Coffee hack: How to make espresso drinks at home without the fancy machines
Making your own coffee drinks at home can literally save you thousands of dollars over time. Here are two simple tips and some great coffee gadget ideas to help you make the absolute best cappuccino, latte, macchiato or café au lait right in your own kitchen, at a price you can afford every day.
I am a self-proclaimed and unashamed coffee addict. The hubs and I jokingly call ourselves coffee achievers. A few weeks ago, when we were standing in line waiting for our latest obsession — cappuccinos — I whipped out the calculator and did some simple math.
I was shocked at how much we would be spending if we did this on a regular basis (and of course we want our cappuccinos on a regular basis!). Something needed to be done before we broke the budget. Just a cup a day five days a week totaled out to a whopping $993.75. Each!
In typical DIY form, we started researching how we could make our cappuccinos at home. They had to taste good enough so we wouldn’t default back to the local coffee shop. Well, I’m happy to report we have been enjoying them at home ever since.
So what is a cappuccino, and how does it compare to other popular coffee shop drinks?
- A cappuccino has a greater percentage of foamed milk to steamed milk. Although it might seem like you’re getting half a cup of foam, the flavor of the drink is more intense and less “milked-down” than a latte's.
- A latte has equal amounts of espresso and steamed milk, topped with a bit of milk foam.
- A macchiato is an espresso with just a little “mark” of foam. So no steamed milk.
- A café au lait is made with coffee instead of espresso. Hot steamed milk is added, and it has no foam.
So how do we make this expensive drink taste so good without an expensive espresso machine? I'll be referencing cappuccinos for this tutorial, but you can use the above breakdown to help you make your coffee drink of choice.
Tip 1: Learn to make a high-quality cup of espresso
Espresso is not a type of coffee bean or a type of roast but rather a method of brewing coffee. But let’s back up and start with the grind…
Many baristas will tell you that the first and most important piece of gear for making espresso is the grinder. Use the freshest beans you can get your hands on, and grind them one cup at a time with a burr grinder. A blade grinder tends to burn the beans with its metal blades spinning at such high speed. A burr grinder uses two revolving abrasive burrs and crushes the beans a few beans at a time so beans are ground in a more uniform size without burning them. For this reason, burr grinders are much quieter and produce fine, consistent grounds, which can be more precisely adjusted than those ground with a blade grinder.
I have a countertop electric burr grinder for larger batches, but recently I’ve discovered you don’t have to pay an arm and a leg for a good grinder. This portable Skerton ceramic hand grinder by Hario (Amazon.com, $24) is affordable for any budget and is a great size for traveling. Now that's a win!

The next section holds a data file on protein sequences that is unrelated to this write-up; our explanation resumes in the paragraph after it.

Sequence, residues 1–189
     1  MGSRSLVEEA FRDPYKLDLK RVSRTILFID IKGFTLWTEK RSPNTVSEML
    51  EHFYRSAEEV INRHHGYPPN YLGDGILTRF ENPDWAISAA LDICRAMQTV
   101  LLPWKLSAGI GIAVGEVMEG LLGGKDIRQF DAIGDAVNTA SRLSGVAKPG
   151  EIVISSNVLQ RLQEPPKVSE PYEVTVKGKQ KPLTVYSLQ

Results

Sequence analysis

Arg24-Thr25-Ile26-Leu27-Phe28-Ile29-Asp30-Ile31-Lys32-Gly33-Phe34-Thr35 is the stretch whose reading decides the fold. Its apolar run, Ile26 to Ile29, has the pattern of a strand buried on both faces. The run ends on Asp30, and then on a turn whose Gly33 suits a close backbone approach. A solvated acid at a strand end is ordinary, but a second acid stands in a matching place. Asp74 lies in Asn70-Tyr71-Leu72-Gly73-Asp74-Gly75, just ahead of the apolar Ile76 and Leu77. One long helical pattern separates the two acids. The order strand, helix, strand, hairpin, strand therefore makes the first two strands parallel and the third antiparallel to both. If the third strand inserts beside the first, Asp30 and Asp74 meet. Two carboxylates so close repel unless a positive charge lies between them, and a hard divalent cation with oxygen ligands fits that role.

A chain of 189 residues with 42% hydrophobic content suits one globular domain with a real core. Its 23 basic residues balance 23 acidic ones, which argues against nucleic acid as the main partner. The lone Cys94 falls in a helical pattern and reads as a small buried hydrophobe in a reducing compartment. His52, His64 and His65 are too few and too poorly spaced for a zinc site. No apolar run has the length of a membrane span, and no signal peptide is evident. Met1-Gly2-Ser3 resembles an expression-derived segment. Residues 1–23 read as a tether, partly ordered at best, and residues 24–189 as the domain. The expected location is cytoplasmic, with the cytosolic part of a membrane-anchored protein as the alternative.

So now that we have fresh ground coffee, let’s move forward with brewing…
While it’s undeniably true that you’ll never get the flavor of a Slayer espresso machine (those start at $9,000!) from an in-home espresso maker, it is still possible to make a quality cup with the right tools.
I have two favorite methods of brewing espresso at home, the first being an AeroPress (Amazon.com, $30).
This method is super quick and easy and produces an amazingly flavorful cup of espresso (or coffee if you want a café au lait). You simply insert a filter, add your fresh ground coffee, pour in very hot water, stir for 10 seconds, then slowly press the plunger down right into your cup. I was pleasantly shocked when I tasted my first sample. I had to bring it to the hubs for a taste, and we both were impressed with how much flavor was extracted from this little gadget. We’re also excited that we now have a lightweight espresso maker that is the right size for packing and camping.
The second method brings us to Italy with a stovetop moka pot. This little red moka pot by Imusa (Amazon.com, $14) is great if I have a couple of minutes to sit by the stove and watch while it brews. Since the water has to come to a boil for it to percolate and create pressure, it has a more “cooked” flavor. With this method you can’t walk away from the pot, or you risk boiling it dry.
Tip 2: Learn to whip up a big mountain of milk froth
This is where it gets really fun. Steamed milk is easy peasy. Just pop it into the micro, or gently heat on the stove until hot and steamy but not boiling. This little handheld Knox gadget (Amazon.com, $5) does a whopper of a job frothing hot milk. Then simply pour or spoon it over your coffee drink.
The trick to getting a nice, thick, wet froth is using whole milk. You can also use almond milk, coconut milk or low-fat milk; it just takes much longer to work up a nice froth. I'm showing it here in a glass mug so I can show off the nice, thick clouds of milk foam!
Tip 3: Use filtered water
Let’s face it: Typical city water contains ingredients that affect the taste. Depending on where you live, there may be fluoride, chlorine and unwelcome minerals and sediment that can affect the taste of your water, so starting with filtered water is a safer bet.
Before you go, check out our slideshow below.